Sand is not your friend.

In 2009 I made a trip to the Kelso Singing Dunes, here in Southern California.  I took, what I thought, was great care to not let my Camera (Canon 30D) ever come in contact with the sand, and when I was hiking and not taking photos I keep it in my camera case zipped up tight. Taking hundreds of photos of this surreal and beautiful landscape, It was one of the locations where its hard to take a BAD photo.
Kelso Dunes
The next day I was excited to look at the photos, and as soon as I started viewing them on my computer I was horrified to find repetitive spots in every single photo I took. Sand had made its way onto the sensor of my camera and I was heartbroken. I live by the rule that if I have to Photoshop a photograph then I wont use it. There have been times where I have bent this rule due to strength of the photo out weighed my moral objection to using Photoshop (in my work only, I do enjoy other peoples work that rely heavily on their Photoshop talents). But when you’re dealing with correcting hundreds of photos due to spots this is out of the question for me. While in some of the photos it was far less noticeable, the photos that showed the sky had the most noticeable spotting, and I love seeing the profile of the dune against the sky.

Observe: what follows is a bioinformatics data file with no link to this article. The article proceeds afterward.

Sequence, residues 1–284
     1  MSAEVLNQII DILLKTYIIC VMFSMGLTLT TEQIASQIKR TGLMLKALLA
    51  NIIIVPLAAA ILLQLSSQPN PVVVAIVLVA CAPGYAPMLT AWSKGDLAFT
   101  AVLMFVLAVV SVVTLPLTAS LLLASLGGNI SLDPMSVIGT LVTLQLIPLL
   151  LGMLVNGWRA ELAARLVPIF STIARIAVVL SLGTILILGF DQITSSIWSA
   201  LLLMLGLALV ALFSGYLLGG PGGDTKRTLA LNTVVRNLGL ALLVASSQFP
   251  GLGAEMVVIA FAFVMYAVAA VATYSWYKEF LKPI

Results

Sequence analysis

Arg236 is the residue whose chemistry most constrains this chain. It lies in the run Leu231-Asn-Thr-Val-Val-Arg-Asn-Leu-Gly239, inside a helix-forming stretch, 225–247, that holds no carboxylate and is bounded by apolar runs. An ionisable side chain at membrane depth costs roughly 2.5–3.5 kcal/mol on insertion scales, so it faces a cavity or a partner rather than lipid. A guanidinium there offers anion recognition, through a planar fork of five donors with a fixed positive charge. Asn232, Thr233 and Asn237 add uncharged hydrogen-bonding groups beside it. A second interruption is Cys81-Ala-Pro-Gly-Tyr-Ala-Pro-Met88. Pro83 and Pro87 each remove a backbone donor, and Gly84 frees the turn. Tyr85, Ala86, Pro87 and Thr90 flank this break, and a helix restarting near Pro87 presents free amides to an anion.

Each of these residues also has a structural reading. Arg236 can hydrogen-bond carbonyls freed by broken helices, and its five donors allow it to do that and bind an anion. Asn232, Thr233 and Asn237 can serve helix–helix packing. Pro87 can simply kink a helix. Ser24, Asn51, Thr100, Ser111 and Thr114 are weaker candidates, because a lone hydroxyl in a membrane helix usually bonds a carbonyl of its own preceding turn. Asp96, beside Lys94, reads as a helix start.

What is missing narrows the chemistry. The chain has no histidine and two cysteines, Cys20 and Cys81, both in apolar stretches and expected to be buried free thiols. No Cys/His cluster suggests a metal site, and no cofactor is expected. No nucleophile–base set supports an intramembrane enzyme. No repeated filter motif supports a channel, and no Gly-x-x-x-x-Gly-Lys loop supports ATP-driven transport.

Kelso Dunes

I pulled my camera out first thinking it must be the lens and after cleaning both of my lenses and doing test shots against the sky I found it was indeed the sensor. After a little research I found some “How to clean your Sensor” videos on youtube, but I did not dare approach this, as I don’t have the funds to get the camera repaired if it made the problem worse or damaged the sensor, so I took it to Calumet Photo here in Los Angeles and got it cleaned for $60 and a couple of days with no camera.

While I haven’t found any advice or secret tips that keeps your camera 100% safe from sand or such the best advice is to never change lenses in such settings. On my trip I only used one lens all day and still was faced with sand on my sensor, but this may have been due to the type of sand at the Kelso Dunes (which is silica sand that is why the dunes sing).

I plan to return to the Kelso Dunes and other Dunes as well to photograph so I guess I will just have to learn to clean my own sensor and take brighter photographs, or keep my camera in an underwater housing at all times (kidding). I am heading to the Jungles of Southern Mexico next, I’m sure I will have another story about moister to share upon returning.

Happy Shooting


This entry was written by j.frede , posted on Friday January 15 2010at 04:01 pm , filed under Anecdotes and tagged , , , , . Bookmark the permalink . Post a comment below or leave a trackback: Trackback URL.

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